Throughout June, the Czech capital Prague is playing host to the ninth annual Nine Gates festival of Czech-German-Jewish culture. Nine Gates is a combination of music, theatre and literature of the period before the Second World War, when Prague was a multiethnic, multicultural city, most of whose inhabitants were comfortable speaking both Czech and German.
'Little Otik' is topping the bill at the National Theatre of Scotland this season. The play is an adaptation of Czech animator Jan Švankmajer’s film ‘Otesánek’, which is in turn an adaptation of a Czech fairytale. The story? A childless couple carve a baby out of a tree stump, only to look on in horror as it starts to develop an appetite for human flesh. The Scottish theatre’s choice sparked controversy when it was unveiled earlier in the year. On the eve of the play’s final performance, I asked director Matthew Lenton what had attracted him to
Theatres and other state-subsidised arts institutions were celebrating victory over Prague’s City Council this week after councillors scrapped a controversial new system of awarding subsidies. The system – under which Prague’s theatres were subsidised according to the number of tickets sold – sparked a wave of protest by arts organisations and even led to angry artists disrupting a meeting of the city council.
The former Czech president Václav Havel has largely refrained from interfering in or commenting on domestic politics since stepping down as president five years ago. But this weekend he seemed to cross that fine line between general philosophising on the state of society and making overtly political gestures, when he said people in Prague should not vote for the right-of-centre Civic Democrats in the forthcoming elections.
Hundreds gathered outside Prague’s National Theatre on Sunday to witness an eight-hour-long protest against the way the arts are funded in the Czech capital. The event - comprising of performances, speeches and concerts staged by Czech stars - marked the opening of the ‘Dny neklidu’ (‘Days of Unrest’). The festival, which calls on Prague City Hall to change the way it deals out its culture budget, has been largely masterminded by actors and producers at the capital’s Švandovo Divadlo. I paid this Smíchov theatre a visit to talk to event organiser
Václav Havel’s "Leaving", the playwright and former president’s first play in two decades, premiered successfully on Thursday evening at Prague’s Archa Theatre. The staging has already received praise from a number of Czech critics. On the eve of premiere, Mr Havel, 71, joked he had never seen so many journalists - who got a sneak preview – at a cultural event. "Leaving" is directed by David Radok and stars Czech-born actor Jan Tříska in the role of a top politician leaving office. Zuzana Stivínová replaced actress Dagmar Havlová, Mr Havel’s wife, in the play after she withdrew citing overwork. An English-language staging of the play is being prepared for this autumn at London’s Orange Tree Theatre.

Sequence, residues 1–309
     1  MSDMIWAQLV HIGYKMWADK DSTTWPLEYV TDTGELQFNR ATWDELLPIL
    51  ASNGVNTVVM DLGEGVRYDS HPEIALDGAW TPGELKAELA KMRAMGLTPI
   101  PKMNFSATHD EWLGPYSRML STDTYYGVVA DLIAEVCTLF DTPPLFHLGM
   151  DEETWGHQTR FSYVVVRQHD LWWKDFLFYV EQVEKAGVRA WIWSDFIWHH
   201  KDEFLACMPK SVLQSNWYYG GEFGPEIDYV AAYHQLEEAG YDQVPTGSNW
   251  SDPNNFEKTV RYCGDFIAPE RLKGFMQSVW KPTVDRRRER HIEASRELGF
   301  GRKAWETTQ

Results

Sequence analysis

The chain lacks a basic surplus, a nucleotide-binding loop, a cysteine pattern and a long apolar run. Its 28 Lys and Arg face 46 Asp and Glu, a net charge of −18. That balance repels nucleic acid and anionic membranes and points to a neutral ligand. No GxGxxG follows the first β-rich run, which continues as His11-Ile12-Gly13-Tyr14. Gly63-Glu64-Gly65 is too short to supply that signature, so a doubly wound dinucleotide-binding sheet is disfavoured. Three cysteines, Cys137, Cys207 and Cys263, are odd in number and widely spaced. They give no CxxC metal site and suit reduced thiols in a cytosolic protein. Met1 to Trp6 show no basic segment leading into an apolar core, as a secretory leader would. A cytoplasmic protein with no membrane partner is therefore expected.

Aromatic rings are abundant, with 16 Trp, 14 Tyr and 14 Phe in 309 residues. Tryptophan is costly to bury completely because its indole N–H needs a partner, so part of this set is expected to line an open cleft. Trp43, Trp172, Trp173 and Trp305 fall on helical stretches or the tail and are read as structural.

Prague’s seventh annual Fringe Festival, a marathon of theatre, dance, comedy, music and film from around the world, gets underway in the Czech capital on Sunday. Running for eight days, it will offer 227 English, Czech or non-verbal shows performed by 39 companies. Steven Gove, the man behind the Prague Fringe Festival, told me what is on offer this year:
In this week's Arts, a look at the first new play by former Czech president Václav Havel in twenty years. "Leaving" - about a politician's painful adjustment to a new life after leaving politics - opened at Prague's Archa Theatre on May 22nd, marking a return to the stage for Mr Havel, a world-renowned playwright when he entered politics in 1989.
Last-minute rehearsals before the long-awaited world premiere of Václav Havel’s latest play at Prague’s Archa Theatre on Thursday night. Leaving or Odcházení, is the first play the former Czech president has written in more than two decades. It tells the story of a high-ranking politician who leaves his post and sees his world fall apart. The play is inspired by Shakespeare’s King Lear and Chekhov’s Cherry Orchard and is about the passage of power from one generation to the next. The former dissident insists that it is not based on his own experiences,
Václav Havel led Czechoslovakia to democracy and remains perhaps the best known Czech political figure of modern times. But before spearheading the Velvet Revolution, he was of course a world-renowned playwright. History interrupted Havel’s original career for two decades, but now the former president has returned to drama, with the long-awaited premiere of his new play Leaving taking place in Prague later this month. To discuss the work of Václav Havel, I recently went to New York University to meet academic Carol Rocamora, author of the 2005 book
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